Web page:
How Medical Practitioners Manage Patient Concerns

For Australian medical practitioners to maintain a safe and professional workplace, they must respond professionally when a patient has a concern

Adverse events due to unsafe care is likely one of the 10 leading causes of death and disability in the world. Safe, professional responses by practitioners and their workplaces help us to keep current and future patients safe. Medical practitioners must always provide answers to the concerns patients raise because it will not only benefit their patients, reduce the risk to the practice  but also benefit the broader community. In general these types of actions will mitigate the risks:

  • Maintain professional knowledge and skills.
  • Practice within scope and competence.
  • Exercise sound judgement about work undertaken vs referred on, according to knowledge and skills.
  • Engage with the profession.
  • Participate in quality activities.
  • Be aware of and adhere to standards.

Tego Insurance has a few extra tips when dealing with a patient’s concerns 

  • Comply with regulatory and organisational requirements to respond to risk.
  • Recognize, reflect and respond to risks in their own practice.
  • Give priority to obligations for patient safety.
  • Initiate and actively participate in risk management within the practice / organisation
  • Change or limit practice, update knowledge or skills according to risk.
  • Engage with peers for support and assistance

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How to respond to increasing concerns of risk

When there are issues that need addressing, always recognise, reflect and respond to adverse events, errors and near misses. It is essential to respond with openness and priority for patient safety. If possible, participate in open disclosure and adverse event reporting. Plus, initiating and participating in quality activities is always a sign of having your community in mind.  It goes without saying to act to improve your practice and minimize risk of recurrence and probably most important, always reflect and then quickly respond to patient complaints. 

When concerns become notifications

There are several stages that notifications can go through when a concern becomes a notification from the National Board. But not every notification goes through all stages. In fact, most notifications are dealt with quickly at the initial assessment stage. The goal of the National Board is to identify as early as possible when they may need to take regulatory action to protect future patients. We must assess every notification. This involves deciding whether we need to trigger an investigation into a practitioner or not.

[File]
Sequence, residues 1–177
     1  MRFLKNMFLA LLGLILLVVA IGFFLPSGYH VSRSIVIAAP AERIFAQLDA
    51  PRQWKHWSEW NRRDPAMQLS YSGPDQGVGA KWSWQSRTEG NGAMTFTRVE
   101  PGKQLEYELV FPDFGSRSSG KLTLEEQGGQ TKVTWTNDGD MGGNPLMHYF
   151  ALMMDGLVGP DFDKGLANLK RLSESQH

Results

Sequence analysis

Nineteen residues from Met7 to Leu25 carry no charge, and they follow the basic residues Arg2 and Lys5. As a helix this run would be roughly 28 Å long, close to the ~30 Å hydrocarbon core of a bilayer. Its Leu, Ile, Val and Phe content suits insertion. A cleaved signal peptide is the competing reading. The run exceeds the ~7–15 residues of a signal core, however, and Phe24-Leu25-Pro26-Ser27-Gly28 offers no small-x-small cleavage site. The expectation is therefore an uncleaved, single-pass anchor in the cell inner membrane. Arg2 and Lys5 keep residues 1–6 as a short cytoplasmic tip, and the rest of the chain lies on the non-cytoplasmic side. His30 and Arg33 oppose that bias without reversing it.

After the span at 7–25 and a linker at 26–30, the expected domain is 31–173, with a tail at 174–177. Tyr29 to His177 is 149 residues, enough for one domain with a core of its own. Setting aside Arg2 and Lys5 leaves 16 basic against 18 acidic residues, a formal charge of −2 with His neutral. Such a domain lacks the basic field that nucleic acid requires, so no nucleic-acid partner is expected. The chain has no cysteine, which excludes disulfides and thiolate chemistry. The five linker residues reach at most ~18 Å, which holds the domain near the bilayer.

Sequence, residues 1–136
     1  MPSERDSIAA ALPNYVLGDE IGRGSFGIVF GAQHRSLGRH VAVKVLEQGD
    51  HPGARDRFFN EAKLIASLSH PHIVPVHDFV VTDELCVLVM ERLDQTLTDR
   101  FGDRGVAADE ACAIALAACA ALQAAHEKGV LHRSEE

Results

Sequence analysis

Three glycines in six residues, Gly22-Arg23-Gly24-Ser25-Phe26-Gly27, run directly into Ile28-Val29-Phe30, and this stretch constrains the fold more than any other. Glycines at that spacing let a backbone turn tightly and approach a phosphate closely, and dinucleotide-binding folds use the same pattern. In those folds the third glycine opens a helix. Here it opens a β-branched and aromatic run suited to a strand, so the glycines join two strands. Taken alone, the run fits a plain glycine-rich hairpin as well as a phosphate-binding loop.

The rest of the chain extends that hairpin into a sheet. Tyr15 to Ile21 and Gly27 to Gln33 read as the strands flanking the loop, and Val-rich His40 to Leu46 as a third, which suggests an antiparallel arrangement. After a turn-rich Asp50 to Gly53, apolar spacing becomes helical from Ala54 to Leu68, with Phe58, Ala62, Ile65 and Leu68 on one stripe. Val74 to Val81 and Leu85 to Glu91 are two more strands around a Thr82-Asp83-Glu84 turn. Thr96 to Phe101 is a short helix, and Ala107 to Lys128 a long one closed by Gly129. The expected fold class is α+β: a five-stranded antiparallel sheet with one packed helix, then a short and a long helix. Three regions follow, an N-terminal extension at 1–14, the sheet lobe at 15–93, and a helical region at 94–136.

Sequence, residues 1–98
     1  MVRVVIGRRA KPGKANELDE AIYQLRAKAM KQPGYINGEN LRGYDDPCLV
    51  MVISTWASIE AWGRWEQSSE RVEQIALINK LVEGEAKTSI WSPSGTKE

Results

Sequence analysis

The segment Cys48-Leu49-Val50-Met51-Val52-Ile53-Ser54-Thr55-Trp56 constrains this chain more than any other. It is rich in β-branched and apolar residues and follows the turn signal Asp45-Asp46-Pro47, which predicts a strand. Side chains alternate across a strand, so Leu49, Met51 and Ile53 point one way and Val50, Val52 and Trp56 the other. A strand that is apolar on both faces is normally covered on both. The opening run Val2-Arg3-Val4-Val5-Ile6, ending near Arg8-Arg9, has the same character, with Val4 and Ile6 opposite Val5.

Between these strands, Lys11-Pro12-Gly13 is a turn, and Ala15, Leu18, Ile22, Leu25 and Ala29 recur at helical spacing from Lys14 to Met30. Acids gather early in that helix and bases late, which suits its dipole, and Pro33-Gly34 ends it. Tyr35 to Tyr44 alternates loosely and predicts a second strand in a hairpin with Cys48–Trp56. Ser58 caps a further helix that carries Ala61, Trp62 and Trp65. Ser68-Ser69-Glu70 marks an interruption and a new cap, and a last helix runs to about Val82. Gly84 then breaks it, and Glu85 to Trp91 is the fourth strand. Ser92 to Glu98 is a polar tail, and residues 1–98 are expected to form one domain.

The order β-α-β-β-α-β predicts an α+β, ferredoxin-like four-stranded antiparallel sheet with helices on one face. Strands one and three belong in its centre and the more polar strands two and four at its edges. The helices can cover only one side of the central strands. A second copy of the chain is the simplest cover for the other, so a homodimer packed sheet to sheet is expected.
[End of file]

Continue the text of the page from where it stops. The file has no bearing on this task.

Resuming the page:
The first thing we do is to confirm that the notification relates to:

  • a registered health practitioner (or student), and
  • is something that the National Law will let us consider. See possible outcomes to understand grounds.

We then work through the following steps, repeating them when necessary at each stage. We try to speak directly to the notifier and practitioner early in the process (unless we have decided we cannot do this) and it is important to us that notifiers and practitioners understand:

  • what they can expect from our notification process
  • the support available 
  • what is going to happen and when
  • how long something might take
  • what we might need from them or need to do and why, and
  • why does a National Board make the decision that it does. 

Let the team at Tego insurance help you mitigate your risks

We are an Australian medical indemnity insurance providers and cover your practice with medical indemnity insurance. If you are a health practitioner with Tego, we offer 24/7 medico-legal advice and support in regards to what you need to know about how to respond to a patient’s concerns

This publication is general in nature and is not comprehensive or constitutes legal or medical advice. You should seek legal, medical or other professional advice before relying on any content, and practice proper clinical decision making with regard to individual circumstances. Persons implementing any recommendations contained in this publication must exercise their own independent skill or judgment or seek appropriate professional advice relevant to their own particular practice. Compliance with any recommendations will not in any way guarantee discharge of the duty of care owed to patients and others coming into contact with the health professional or practice. Tego Insurance Pty Ltd is not responsible to you or anyone else for any loss suffered in connection with the use of this information.

All content on this page has been written in a generic way, and has not been presented with any knowledge of your personal objectives or financial needs.